As a 7th grade teacher, I loved ending the year with poetry. There’s just something about poetry– perhaps it’s the juxtaposition of easing rigid language rules and heartfelt meaning-making that helps this genre to feel so accessible to adolescents. But aside from being accessible, I always felt poetry was the perfect culmination unit for the writers in my classes. All year long, I always made it both an explicit and important goal that as writers, we would all come together as a writing community across the year. This meant working to not only become stronger writers together, through partnerships, sharing, etc.; but it also meant giving strength to the space in which we would be writing, and confidence to the writers in that space.
A safe space is something I think all writing workshop teachers strive to create. Since we don’t assign topics or prompts to our kids, we understand well the importance of helping our students mine their lives and experiences for meaningful writing fodder. Given choice, writers are able to uncover engaging topics, ones that often embrace the critical issues that shape their sometimes tumultuous lives. Take, for example, the following poem written recently in one of my colleague’s classrooms this year. The writer wished to remain anonymous, so I will call him “Jared” here (warning: this poem contains disconcerting content):
Only in a safe and supportive space is the birth of such a poem even possible. This type of authenticity can sometimes bring issues, yes. So as teachers-as-mandatory-reporters, we must be aware that creating such a writing environment– an environment in which students feel comfortable enough to put words to paper about their most intimate and troubling matters– comes with responsibility.
Yet, some may wonder: how do we create the space in which raw emotion, unbridled honesty, and willingness to risk, such as that unleashed by Jared, can define the classroom writing climate– a climate which I’ll call an environment of authentic authorship? Consider the following tips:
- Connect through your own stories– I recently wrote about this topic. One important way we can connect with our students is through the power of story. As teachers, if we model the courage and generosity it takes to share our own stories with our students (especially stories of trouble), we help to make a safe space for our writers to do the same.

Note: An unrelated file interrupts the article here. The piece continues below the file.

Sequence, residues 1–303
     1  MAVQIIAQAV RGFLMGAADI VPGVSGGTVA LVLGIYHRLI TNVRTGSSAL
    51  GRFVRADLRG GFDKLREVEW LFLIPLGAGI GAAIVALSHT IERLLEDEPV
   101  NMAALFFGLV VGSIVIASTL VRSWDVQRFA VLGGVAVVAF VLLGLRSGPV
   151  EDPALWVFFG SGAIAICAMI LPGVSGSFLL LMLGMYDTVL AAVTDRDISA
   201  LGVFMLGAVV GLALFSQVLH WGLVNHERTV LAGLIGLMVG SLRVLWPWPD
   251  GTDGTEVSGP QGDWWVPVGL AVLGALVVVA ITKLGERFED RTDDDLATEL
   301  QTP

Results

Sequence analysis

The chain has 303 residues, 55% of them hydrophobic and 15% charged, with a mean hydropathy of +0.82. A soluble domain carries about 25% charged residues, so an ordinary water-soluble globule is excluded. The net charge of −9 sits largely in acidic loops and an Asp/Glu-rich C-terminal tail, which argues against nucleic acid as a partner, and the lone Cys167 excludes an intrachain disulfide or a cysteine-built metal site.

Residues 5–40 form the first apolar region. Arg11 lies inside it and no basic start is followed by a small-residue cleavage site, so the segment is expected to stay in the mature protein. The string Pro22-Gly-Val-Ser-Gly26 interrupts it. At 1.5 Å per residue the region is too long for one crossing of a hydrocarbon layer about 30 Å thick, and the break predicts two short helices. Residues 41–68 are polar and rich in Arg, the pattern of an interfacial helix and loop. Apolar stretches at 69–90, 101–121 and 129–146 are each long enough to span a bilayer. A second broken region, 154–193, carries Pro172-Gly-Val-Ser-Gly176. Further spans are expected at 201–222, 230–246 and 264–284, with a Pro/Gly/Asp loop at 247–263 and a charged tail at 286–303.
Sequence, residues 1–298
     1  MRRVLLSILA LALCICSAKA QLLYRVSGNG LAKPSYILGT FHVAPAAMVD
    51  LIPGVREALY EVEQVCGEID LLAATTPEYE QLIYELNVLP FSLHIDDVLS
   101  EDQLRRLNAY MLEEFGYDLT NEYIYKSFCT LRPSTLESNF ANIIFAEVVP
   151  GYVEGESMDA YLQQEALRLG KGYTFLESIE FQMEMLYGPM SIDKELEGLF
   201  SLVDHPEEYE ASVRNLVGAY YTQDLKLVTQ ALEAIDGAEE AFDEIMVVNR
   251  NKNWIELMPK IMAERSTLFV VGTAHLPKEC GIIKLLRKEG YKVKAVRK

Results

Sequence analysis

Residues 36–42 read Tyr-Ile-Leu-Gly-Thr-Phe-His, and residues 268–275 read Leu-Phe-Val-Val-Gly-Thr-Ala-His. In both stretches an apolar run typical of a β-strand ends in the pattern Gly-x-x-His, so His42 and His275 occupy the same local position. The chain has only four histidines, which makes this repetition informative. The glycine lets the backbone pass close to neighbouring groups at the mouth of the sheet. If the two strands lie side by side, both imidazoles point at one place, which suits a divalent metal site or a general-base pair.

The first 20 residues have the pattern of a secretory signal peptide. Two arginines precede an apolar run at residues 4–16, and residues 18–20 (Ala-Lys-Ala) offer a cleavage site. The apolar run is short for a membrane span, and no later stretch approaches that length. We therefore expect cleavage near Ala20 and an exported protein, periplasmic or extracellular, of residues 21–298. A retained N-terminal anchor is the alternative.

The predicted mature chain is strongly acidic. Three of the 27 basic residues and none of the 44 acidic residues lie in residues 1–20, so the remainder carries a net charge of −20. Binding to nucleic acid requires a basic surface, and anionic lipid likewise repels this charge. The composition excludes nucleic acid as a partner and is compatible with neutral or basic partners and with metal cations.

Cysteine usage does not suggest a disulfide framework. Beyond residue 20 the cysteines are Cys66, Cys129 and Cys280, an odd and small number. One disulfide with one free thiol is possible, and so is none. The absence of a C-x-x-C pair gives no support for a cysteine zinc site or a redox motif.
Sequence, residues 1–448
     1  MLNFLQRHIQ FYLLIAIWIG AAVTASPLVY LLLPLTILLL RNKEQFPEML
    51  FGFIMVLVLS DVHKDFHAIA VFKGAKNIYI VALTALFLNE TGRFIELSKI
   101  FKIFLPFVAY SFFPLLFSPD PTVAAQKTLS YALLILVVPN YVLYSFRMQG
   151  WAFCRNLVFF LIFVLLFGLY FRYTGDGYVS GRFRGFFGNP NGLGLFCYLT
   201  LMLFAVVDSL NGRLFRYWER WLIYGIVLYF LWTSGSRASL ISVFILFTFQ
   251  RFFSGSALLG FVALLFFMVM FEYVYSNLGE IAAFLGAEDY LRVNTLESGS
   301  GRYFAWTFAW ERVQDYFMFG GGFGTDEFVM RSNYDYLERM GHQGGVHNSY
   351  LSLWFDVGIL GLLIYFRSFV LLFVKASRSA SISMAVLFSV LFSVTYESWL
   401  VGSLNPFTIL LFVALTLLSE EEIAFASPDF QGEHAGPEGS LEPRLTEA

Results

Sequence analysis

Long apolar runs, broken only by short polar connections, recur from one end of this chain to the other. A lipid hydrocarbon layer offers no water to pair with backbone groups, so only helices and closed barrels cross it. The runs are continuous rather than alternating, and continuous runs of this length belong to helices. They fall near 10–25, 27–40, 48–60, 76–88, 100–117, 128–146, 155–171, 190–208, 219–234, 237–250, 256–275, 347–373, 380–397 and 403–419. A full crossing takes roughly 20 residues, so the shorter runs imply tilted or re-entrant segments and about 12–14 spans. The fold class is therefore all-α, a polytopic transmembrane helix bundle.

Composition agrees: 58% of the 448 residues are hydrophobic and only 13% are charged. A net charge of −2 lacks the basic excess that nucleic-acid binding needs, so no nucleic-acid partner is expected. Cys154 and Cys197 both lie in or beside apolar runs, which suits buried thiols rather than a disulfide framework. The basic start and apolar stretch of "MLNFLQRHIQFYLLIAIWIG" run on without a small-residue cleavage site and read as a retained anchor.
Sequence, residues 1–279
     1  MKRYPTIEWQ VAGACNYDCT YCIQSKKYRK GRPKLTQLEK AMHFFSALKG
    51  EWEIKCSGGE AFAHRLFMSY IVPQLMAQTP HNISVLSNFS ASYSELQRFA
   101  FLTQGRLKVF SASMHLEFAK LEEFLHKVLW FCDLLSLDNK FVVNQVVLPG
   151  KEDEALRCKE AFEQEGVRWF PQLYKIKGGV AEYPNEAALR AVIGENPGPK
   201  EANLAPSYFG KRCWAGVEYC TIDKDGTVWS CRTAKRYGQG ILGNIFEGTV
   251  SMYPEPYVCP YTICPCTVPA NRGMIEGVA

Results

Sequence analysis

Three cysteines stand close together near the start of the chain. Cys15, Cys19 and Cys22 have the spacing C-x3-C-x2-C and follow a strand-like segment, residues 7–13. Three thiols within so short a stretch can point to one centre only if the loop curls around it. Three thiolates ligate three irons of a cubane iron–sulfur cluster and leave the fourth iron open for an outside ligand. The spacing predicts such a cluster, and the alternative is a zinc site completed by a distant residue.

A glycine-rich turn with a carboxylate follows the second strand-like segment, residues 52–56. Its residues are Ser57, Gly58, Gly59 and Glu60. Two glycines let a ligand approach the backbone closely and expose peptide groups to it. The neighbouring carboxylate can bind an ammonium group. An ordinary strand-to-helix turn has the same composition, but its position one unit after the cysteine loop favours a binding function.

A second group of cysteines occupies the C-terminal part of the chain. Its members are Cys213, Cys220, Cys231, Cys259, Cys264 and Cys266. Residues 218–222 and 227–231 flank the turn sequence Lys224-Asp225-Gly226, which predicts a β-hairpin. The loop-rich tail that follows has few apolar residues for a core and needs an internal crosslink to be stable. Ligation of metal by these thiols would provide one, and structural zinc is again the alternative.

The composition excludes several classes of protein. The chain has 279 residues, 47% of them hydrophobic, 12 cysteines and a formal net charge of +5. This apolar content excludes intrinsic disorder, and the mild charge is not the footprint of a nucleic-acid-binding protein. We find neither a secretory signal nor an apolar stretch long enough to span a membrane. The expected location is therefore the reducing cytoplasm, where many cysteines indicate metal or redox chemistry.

- Protect the sanctity of the space– Although not a fan of a whole bunch of “rules”, one rule in my classroom was that the content of what was shared in writing workshop was to be considered confidential. If students know that their private stories, ideas, and issues will not be discussed beyond the physical walls of the community, they can then feel more free to write about what really matters to them. And let me say, I understand this is difficult to “enforce”; however, verbally sending this message and reminding all writers of it can go a long way.
- Be a writer yourself — There are just so many positives for teachers to live as writers themselves. I would offer that the authenticity we are able to bring to our teaching may have a lot to do with nurturing a safe writing community. For when students see us sharing and struggling alongside them, the effect is highly desirable: they want to emulate us. We are “walking the walk,” so to speak. And if our goal is to create a community in which authenticity and honesty are held in high regard by all, then being a writer alongside our students can speak volumes.
- Send the message: Our lives are worth writing about — This is arguably one of the founding theories of writing workshop. Now, I understand that in a middle school scope and sequence, narrative writing can only encompass so much time. Information, research, argument– these are all important, as well. But consider that these types of writing can be influenced by our lives, too. And therefore, by honoring such a theory, we help to make the space for the Jareds in our classrooms to write poems about what is critical in their lives.
As the days become warmer and summer break begins to cast its healing spell on us educators, consider marking these tips for next year. Which one(s) do you already do well? Which one(s) might need attention? What would you add to the list?
When writers know someone cares about their words, it changes how they relate to writing. And although most of us would wish the circumstances for Jared’s words on no child, how incredible was it that he felt safe to write them? Be the person who cares about your writers’ words. Create the space. It can be such a gift.